Review presented by UMB Private Wealth Management
There’s no better preface to the stage adaptation of John Steinbeck’s literary magnet, Of Mice and Men, than to introduce Mayor Sly James to remind an anticipating audience about its duty to children’s literacy with “Turn the Page KC.”
Like the Steinbeck piece, literacy has an impact on the American ability to dream and the quality by which that dream is realized.
Of Mice and Men at the KC Rep Copaken Stage, directed by the interim artistic director Jason Chanos, makes quick order of showing its worthiness to the source material. To a presentational set—a sky-laced scrim, a few tufts of grass, and wood-plank floor—enter the anchors of the American dream and ultimate American tragedy, George and Lennie.
George and Lennie are best buds, nomads traversing the American landscape looking for work. Straight-shooter George (Jake Walker) is Lennie’s caretaker, with a dream of them buying a ranch someday. Lennie (Rusty Sneary) is known for his fearsome size and strength coupled with his innocent and simple mind. Lennie also has a problem.
He keeps killing stuff.
After sweet-talking themselves into jobs on a California ranch, George’s responsibility becomes keeping them both employed, saving money for the dream, and keeping Lennie out of trouble.
The deep-seated sensitivities of their fellow laborers make it difficult for the story to travel any other path but sideways. Curley (Kyle Thomas Dyck) is a hothead, blaming everyone for his wife’s wandering, though Curley’s wife (Molly Denninghoff) seems to be only wandering around town alone. Candy (Robert Elliott), is the most seasoned worker whose longest friend and only mate is his dog (Molly Halliburton). And Crooks (L. Roi Hawkins) is the on-edge colored man, separated from his peers by racial and emotional oppression.
Still they are a gang, aligned in their roving and repetitious lifestyles, their delight for drink and the ladies, their inability to mind their own business, and in their misunderstanding of Lennie. When Lennie freaks out and kills one too many, the gang becomes a mob and the play reaches a tragic, heartbreaking conclusion.
Mice is stacked exclusively with top KC talent. Brian Paulette’s Slim swaggers in cool like The Duke. Scott Cordes amazes as Carlson as he leans on a surprising use of volume to add that extra morsel to his performance. Elliott, Denninghoff, Halliburton, David Fritts (Boss), and Dalton Mobley (Whit) function as a sturdy support for the relationship between George, Lennie, the ranch and the dream. Dyck, however, is somewhat distracting. A more interesting Curley is the one who reveals the humanity behind the anger, rather than the anger itself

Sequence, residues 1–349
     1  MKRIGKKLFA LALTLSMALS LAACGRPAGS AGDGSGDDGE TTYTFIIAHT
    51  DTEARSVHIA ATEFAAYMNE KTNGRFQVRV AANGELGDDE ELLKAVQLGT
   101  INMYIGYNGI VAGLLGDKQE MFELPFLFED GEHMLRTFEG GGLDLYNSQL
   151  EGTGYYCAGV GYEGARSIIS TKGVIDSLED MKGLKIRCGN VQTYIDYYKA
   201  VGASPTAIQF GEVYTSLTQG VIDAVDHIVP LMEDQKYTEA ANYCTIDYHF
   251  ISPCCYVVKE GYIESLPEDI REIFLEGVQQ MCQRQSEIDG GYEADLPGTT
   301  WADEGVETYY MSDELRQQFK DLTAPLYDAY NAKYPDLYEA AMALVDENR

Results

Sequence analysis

It’s a forgettable misstep when weighed against all that is good about the Rep adaptation. Little nuggets like the movement and layering of the set transitions and the social impact of the tale in today’s climate really charms up the experience.
And yes, Walker and Sneary are fantastic. Walker brings a boyishness to George that makes him affable and sincere. In this rendition, George is not the monster. He is a caretaker that transitioned out of malice into a three-dimensional friend filled with love and frustration. Sneary delivers. Even though Lennie is special needs, we are allowed to enjoy the humor.
Together is what makes them crazy good. Every scene with George and Lennie is a duet. They endear us to the vision, make us hope like hell that they make it to “live on the fat of the land”, that they get to keep each other, and make a home for the other misfits along the way.
That is the greatest asset of this show. Our empathy is massaged. The true gem is that we revel in the dream, something we seem to have lost as a collective. We celebrate with our fellow man, root for him, yearn with him. We can evaluate that dream. Which dreams are motivation just to get us through versus those dreams we must make real?
It has been nearly 20 years since the Rep last staged Mice. Against the current backdrop of advanced sensitivity around special needs, animal care, racial and gender sovereignty it’s lovely to contemplate Curley’s wife and how her reputation as a tart exists because the men say so; to question Crooks right to his anger versus his need to be polite; or how, due to the advent of social media, we are dealing with an epidemic of mass loneliness.
Today, Of Mice and Men is not a story about the dissolution of the American Dream—happiness, but about the dissolution of American Dreaming—the pursuit of it.
See Of Mice and Men at the KC Rep Copaken Stage now through November 17.
Jake Walker, Rusty Sneary, Robert Elliott, Brian Paulette, Scott Cordes, L. Roi Hawkins, Molly Denninghoff, Kyle Thomas Dyck, Dalton Mobley, David Fritts, and Molly Halliburton
Angela Lee Gieras